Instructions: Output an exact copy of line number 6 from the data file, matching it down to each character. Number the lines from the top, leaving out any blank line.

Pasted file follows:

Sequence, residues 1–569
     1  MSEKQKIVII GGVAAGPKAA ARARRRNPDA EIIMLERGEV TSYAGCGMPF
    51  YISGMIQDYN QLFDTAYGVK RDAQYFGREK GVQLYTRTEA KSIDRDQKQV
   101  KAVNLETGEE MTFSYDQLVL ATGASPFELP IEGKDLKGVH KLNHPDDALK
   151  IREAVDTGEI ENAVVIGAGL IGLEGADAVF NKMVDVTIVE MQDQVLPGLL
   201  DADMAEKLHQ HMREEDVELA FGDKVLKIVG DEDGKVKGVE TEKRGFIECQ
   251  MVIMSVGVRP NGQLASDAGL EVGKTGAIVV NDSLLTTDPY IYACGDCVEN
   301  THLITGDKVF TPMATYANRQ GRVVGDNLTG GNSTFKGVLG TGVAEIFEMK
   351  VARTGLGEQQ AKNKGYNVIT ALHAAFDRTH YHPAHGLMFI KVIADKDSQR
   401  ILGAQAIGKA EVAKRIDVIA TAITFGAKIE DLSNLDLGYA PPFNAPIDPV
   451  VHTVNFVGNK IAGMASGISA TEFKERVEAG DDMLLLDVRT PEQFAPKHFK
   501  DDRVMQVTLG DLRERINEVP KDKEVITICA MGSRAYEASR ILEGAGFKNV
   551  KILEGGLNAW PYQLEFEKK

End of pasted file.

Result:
   201  DADMAEKLHQ HMREEDVELA FGDKVLKIVG DEDGKVKGVE TEKRGFIECQ